Biden touts May employment figures as he pushes for infrastructure funding
President Joe Biden on Friday touted the progress the United States has made in its recovery from the coronavirus pandemic and argued that now is the time to “seize on the economic momentum” and pass his proposal to large-scale infrastructure.
“While our progress is undeniable, it is not assured,” Biden said after the government reported Friday morning that 559,000 jobs were created in May.
The President said: “We are on the right track. Our plan is working. And we are not going to let go now.”
He argued that now is the time to “build on the foundations we have laid” in the country’s recovery and adopt its twin economic proposals, the US jobs plan and the US bailout. The proposals would invest heavily in infrastructure, education, paid vacation and child care, among other areas.
“No other great economy in the world is growing as fast as ours. No other great economy is creating jobs as quickly as ours. And none of these successes are an accident. This is no luck. “said Biden, speaking from Rehoboth Beach. , Delaware.
Biden said, “America is finally on the move again. As we continue this recovery, we are going to run into obstacles along the way. Of course, it will happen. We cannot restart the world’s largest economy like flipping it on a switch. There are going to be ups and downs in jobs and economic reports. “
The May jobs report showed that the US labor market was accelerating and was an improvement over the disappointing April jobs report. The unemployment rate also fell to 5.8% in May, the Bureau of Labor Statistics reported on Friday.
Although this was an improvement from April, which showed a revision of 278,000 jobs added, the number of jobs added last month was still lower than the 650,000 jobs forecast by economists. The United States is also still down 7.6 million jobs from February 2020, before lockdowns were put in place across the country to stop the spread of Covid-19.
But the labor force participation rate was 61.6% in May, showing that the unemployment rate fell because people found jobs, not because they left the labor market.
Biden on Friday touted his administration’s response to the coronavirus pandemic and the sweeping $ 1.9 trillion Covid-19 relief bill he enacted earlier this year, which provided economic relief directly to Americans and to businesses across the country.
More than 50% of American adults are now fully vaccinated against Covid-19, according to the United States Centers for Disease Control and Prevention, and cases of Covid-19 are on the decline.
The president’s comments precede a call he is expected to hold with senior Republican negotiator West Virginia Senator Shelley Moore Capito over the infrastructure package on Friday afternoon, a source familiar with the plan told CNN.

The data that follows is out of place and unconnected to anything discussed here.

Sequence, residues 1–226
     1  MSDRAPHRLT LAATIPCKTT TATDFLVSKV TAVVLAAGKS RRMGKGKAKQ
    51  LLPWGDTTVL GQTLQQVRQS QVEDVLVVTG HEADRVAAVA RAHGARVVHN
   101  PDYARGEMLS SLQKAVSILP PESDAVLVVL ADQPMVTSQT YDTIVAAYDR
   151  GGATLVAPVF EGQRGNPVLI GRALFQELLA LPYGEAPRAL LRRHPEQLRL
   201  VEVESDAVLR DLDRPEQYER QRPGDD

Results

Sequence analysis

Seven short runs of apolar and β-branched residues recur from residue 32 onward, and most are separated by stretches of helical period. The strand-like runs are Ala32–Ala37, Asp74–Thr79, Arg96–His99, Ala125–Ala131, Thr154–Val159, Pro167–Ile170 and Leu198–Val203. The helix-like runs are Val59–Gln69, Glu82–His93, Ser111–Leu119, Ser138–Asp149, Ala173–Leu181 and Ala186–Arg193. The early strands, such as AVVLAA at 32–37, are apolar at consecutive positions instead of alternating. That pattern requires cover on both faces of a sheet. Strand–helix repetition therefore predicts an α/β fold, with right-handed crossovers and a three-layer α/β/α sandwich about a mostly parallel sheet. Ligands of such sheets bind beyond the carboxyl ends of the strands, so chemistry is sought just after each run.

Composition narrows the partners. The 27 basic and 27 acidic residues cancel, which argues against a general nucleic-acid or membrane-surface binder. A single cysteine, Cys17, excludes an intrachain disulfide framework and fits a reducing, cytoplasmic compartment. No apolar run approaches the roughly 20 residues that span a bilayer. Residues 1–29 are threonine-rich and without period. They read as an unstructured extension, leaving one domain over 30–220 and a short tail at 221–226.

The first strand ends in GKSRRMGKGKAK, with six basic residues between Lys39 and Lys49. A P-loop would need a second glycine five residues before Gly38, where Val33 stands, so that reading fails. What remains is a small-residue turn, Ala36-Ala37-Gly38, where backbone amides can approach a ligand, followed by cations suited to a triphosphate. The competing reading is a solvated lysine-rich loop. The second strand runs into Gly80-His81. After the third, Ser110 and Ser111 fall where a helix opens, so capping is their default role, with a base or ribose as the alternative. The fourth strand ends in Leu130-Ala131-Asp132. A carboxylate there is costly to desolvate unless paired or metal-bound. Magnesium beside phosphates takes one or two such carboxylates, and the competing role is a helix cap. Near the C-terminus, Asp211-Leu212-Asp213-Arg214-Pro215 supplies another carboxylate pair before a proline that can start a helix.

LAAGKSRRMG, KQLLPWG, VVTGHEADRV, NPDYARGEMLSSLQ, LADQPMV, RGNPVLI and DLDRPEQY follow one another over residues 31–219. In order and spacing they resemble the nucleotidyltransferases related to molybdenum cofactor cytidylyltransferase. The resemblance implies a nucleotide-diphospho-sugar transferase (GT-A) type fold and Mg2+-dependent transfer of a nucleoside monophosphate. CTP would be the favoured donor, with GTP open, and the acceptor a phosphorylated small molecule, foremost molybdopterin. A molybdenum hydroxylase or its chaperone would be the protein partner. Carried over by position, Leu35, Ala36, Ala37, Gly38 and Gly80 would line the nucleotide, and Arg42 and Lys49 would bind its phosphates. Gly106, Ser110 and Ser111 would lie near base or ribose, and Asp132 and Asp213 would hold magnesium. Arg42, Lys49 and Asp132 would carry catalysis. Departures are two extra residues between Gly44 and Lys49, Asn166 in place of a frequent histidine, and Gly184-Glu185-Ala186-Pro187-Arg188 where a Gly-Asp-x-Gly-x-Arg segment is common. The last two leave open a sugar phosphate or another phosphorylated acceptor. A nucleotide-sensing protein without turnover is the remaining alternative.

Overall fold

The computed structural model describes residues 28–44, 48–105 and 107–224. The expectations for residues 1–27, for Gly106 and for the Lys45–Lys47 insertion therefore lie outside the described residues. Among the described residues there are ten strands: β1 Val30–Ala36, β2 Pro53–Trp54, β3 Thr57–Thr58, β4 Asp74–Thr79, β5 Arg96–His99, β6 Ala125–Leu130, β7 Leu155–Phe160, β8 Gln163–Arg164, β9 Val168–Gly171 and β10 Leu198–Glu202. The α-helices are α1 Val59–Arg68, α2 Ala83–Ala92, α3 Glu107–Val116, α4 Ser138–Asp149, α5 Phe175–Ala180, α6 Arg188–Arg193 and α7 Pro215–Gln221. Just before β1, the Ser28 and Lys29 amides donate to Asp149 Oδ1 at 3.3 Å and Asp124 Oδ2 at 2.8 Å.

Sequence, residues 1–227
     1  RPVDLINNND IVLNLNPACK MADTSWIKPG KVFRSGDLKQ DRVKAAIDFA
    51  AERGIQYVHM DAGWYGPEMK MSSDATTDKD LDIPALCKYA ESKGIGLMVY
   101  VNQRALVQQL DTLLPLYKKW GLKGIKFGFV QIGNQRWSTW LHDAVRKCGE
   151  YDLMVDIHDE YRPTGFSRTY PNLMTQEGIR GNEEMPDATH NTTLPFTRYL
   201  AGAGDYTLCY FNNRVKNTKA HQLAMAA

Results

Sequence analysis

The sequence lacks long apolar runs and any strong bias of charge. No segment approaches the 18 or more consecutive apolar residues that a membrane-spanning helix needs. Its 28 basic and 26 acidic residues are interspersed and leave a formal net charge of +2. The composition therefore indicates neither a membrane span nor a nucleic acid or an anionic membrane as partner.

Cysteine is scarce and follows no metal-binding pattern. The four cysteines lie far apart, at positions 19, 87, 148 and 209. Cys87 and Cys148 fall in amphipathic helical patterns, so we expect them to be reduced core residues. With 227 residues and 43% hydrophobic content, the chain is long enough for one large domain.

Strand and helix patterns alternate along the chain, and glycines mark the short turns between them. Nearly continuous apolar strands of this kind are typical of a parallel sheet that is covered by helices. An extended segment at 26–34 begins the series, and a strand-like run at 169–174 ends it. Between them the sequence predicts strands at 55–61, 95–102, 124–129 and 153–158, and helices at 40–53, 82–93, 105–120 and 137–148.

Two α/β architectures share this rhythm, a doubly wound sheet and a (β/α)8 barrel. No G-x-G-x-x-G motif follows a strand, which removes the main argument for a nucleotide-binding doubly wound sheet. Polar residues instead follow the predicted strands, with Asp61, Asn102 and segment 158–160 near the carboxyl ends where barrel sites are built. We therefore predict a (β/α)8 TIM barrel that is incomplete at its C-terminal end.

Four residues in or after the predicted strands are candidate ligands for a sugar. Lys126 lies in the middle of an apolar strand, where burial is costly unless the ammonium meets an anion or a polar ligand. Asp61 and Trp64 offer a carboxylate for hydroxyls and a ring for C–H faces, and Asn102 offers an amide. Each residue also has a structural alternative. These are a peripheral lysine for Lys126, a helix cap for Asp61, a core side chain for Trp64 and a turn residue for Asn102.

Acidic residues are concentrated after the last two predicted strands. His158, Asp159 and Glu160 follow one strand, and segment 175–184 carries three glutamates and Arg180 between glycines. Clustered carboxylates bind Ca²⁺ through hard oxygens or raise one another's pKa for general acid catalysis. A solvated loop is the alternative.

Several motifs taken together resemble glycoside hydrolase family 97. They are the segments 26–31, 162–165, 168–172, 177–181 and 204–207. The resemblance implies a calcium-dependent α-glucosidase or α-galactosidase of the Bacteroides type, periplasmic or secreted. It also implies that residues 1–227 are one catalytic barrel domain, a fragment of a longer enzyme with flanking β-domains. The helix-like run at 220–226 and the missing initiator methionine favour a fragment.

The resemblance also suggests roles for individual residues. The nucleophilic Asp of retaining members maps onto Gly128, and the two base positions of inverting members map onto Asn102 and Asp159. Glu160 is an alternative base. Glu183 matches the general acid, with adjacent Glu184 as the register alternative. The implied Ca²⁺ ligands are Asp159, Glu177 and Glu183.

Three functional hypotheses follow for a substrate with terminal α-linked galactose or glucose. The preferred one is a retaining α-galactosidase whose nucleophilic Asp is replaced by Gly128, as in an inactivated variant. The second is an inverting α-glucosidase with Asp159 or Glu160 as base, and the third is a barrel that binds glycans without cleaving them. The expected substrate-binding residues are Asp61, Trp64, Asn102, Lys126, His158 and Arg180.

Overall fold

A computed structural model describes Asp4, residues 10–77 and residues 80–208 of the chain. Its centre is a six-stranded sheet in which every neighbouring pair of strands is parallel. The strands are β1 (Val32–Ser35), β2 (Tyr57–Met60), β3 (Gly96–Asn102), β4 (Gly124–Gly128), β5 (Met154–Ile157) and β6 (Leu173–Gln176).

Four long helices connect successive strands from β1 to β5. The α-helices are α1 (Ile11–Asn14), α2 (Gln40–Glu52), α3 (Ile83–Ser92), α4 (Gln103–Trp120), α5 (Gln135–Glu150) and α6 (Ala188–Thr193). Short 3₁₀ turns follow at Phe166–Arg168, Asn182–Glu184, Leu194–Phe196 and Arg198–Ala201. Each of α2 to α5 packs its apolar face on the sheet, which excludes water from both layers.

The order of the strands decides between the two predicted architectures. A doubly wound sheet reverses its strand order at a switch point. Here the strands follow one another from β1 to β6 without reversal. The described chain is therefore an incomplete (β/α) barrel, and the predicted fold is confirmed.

Republican lawmakers and the White House remain distant from each other to reach a bipartisan deal on an infrastructure proposal. Earlier this week, Biden offered to reduce the price to $ 1 trillion, but said he wanted to make sure it was “new money” and not funding already approved by the Congress as demanded by Republicans in the Senate, a GOP source informed. said the talks.
Biden’s proposal, which was initially $ 2.25 trillion, focuses on rebuilding the country’s crumbling infrastructure and shifting the country to greener energy. Republicans have questioned the size and scope of the plan, as well as how Biden plans to pay for it. The president has proposed corporate tax hikes to fund his plan, and Republicans say any changes to the 2017 tax cuts that were enacted under President Donald Trump are a “red line” in the negotiations.
Biden, in previous private talks, has raised the idea of moving his proposed financing mechanism – a series of corporate tax increases, including raising the rate to 28% from the set 21% level. in 2017 – to address GOP concerns.
Rather, the proposal put on the table at the meeting with Capito on Wednesday would be based on significantly strengthened tax enforcement and the implementation of a 15% minimum corporate tax, which would target companies that have used loopholes to avoid to pay a significant share of taxes, the source said.
Jared Bernstein, a member of the Presidential Council of Economic Advisers, told MSNBC on Friday morning that the new minimum corporate tax rate is supposed to be “a safety net against the kind of loopholes that have plagued our tax code and been so beneficial to those at the top. “
Bernstein touted the May Jobs Report and said the unemployment insurance program was critical to the country’s success, and refuted the idea of canceling insurance at this point.
“I hear some of these calls basically saying, while we are making significant progress towards our goals, we should kind of shorten the policy and, you know – stop the car, park, get out. No, we have to keep going until ‘until we get there,’ Bernstein said.
He noted that the insurance program will run until early September, which he said was “very much in line with the analogy that we’re getting there but we’re not there yet and we have measures in place that will automatically adjust as this program arrives starting in early September. “
Labor Secretary Marty Walsh on Friday refuted criticism that extended unemployment benefits are preventing people from re-entering the workforce. Walsh told CNN’s Poppy Harlow that the benefits, which were adopted as part of the president’s US bailout, allow families to “put food on the table and keep a roof over their heads as their jobs come back, as their industries open up. “
This story has been updated with additional information.